Originally posted by Sicy
Very cute! You know I made beaded necklaces and bracelets for a while. I even tried to sell them on ebay, but honestly there are so many out there it was nearly impossible to make a profit on them.

You also might want to not keep referring to them as 'gay' and 'gayest' as these terms may offend some here.
Cool. What did you make them with (glass, stones, etc)?

Ah, okay. JUST SO EVERYONE KNOWS, I think gay people rock and I apologise for stealing your word and using it flippantly!

VVV that's really cool, do you have a picture?
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Old 01-31-2006, 01:22 PM   #11
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A woman I work with makes these, and even made me one for Christmas. Now my mom's into it, too, after she saw how cute mine was.
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Old 01-31-2006, 01:31 PM   #12
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Quote:
Originally posted by Elsie
Cool. What did you make them with (glass, stones, etc)?


Plastic, actually.. lol.

My cat actually stole them... I dunno where they are now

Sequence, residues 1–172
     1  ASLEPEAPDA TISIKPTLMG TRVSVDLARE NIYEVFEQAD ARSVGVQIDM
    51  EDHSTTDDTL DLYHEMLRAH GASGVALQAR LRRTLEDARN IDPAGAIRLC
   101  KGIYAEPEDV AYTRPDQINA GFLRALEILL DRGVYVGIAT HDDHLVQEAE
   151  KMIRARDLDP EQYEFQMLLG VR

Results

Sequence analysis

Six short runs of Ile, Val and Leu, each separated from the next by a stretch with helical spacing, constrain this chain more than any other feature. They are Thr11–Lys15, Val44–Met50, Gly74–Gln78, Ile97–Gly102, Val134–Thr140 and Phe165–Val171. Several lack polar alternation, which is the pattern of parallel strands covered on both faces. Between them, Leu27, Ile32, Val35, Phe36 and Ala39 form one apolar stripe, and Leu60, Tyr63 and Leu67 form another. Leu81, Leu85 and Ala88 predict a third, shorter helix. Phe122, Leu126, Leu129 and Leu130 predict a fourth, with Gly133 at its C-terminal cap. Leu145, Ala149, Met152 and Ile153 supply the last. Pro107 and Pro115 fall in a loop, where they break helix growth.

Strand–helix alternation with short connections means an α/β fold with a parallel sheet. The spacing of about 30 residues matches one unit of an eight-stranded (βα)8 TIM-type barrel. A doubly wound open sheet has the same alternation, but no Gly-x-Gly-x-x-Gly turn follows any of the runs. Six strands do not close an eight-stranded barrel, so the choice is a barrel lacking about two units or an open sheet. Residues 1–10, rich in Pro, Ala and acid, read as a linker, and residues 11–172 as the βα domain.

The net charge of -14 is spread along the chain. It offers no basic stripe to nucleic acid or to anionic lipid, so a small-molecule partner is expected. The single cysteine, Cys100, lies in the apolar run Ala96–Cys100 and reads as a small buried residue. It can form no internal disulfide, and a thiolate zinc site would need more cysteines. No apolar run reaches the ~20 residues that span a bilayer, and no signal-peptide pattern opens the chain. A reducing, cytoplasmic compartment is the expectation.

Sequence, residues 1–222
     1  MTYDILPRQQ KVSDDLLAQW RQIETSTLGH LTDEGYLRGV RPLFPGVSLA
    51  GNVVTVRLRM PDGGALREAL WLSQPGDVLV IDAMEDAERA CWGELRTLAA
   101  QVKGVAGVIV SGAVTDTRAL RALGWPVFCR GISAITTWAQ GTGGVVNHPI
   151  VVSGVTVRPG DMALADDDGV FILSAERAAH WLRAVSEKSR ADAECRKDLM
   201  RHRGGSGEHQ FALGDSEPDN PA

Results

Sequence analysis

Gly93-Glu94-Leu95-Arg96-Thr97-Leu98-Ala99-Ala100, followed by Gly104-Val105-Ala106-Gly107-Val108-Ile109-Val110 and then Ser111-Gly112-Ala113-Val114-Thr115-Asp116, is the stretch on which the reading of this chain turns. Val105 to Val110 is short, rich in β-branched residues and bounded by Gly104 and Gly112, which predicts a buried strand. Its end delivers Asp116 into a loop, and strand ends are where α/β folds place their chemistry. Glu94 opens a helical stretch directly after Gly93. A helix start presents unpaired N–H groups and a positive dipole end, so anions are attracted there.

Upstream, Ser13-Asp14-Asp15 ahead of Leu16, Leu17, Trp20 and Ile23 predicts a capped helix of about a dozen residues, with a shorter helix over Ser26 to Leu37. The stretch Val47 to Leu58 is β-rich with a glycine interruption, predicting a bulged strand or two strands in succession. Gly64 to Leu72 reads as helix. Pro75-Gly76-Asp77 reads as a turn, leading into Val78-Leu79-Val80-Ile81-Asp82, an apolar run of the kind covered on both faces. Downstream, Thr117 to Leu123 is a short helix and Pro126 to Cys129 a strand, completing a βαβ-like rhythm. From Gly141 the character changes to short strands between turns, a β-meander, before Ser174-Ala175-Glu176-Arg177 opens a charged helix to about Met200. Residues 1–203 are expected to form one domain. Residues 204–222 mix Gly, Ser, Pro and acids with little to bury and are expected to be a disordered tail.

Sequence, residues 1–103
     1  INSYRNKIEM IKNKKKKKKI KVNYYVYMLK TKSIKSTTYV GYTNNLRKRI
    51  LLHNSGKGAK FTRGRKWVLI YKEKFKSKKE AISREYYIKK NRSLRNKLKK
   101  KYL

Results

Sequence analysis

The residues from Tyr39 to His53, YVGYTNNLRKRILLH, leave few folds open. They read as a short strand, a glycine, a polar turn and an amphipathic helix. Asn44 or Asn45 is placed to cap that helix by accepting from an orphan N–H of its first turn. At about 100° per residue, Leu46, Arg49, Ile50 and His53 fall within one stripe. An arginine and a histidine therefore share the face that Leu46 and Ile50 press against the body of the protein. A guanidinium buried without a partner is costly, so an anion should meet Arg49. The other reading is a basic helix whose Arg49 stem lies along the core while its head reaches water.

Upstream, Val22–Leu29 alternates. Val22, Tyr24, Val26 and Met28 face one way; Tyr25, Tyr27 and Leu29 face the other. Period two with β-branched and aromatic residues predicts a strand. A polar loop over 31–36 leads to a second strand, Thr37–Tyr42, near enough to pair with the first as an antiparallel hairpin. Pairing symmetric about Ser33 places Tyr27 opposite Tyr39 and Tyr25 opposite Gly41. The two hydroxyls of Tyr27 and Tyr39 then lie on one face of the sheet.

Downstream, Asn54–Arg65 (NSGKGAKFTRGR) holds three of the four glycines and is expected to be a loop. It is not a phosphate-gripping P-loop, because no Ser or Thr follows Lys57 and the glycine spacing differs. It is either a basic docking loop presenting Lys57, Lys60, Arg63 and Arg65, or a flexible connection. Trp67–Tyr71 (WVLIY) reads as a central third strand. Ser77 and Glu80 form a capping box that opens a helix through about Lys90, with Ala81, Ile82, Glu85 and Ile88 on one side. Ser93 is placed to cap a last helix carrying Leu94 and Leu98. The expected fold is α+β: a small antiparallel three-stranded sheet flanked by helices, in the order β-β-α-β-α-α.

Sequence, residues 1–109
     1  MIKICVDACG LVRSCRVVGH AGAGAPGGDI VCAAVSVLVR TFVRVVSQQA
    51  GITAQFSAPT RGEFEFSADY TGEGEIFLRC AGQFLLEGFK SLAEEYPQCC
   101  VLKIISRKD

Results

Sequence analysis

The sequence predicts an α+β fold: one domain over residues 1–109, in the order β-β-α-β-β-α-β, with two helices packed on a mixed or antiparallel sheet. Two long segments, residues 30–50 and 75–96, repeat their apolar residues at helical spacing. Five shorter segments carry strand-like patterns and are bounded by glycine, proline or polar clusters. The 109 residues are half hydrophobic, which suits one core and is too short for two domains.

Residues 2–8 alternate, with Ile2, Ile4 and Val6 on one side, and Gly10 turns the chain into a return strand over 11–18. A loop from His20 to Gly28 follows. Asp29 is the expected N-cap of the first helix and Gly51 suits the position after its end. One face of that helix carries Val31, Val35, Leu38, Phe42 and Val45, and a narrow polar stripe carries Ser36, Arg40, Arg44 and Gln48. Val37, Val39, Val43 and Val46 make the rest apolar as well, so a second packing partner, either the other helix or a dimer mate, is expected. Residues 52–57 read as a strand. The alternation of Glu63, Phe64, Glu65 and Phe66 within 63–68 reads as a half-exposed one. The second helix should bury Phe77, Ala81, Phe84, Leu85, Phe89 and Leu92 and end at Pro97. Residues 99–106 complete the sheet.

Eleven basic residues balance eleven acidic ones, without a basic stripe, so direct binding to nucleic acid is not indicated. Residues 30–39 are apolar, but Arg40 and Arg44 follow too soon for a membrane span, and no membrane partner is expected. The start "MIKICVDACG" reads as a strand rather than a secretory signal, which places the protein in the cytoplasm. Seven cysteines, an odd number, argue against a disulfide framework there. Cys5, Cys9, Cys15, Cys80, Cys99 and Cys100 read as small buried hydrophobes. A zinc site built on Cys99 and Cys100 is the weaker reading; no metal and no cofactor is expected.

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Old 01-31-2006, 01:35 PM   #13
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Hehe, he's probably studying them and making his own, as he has opposable thumbs. NOT a stalker, I was just cruising through the cat pictures thread and saw his pic . Those are pretty- fimo centerpieces?
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Old 01-31-2006, 01:40 PM   #14
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I think they're just plastic.. or clay.. yknow I have no clue lol. That hobby didnt last long for me.
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Old 01-31-2006, 01:42 PM   #15
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Sicy your cats are so beautiful, and they have great taste in jewelry also!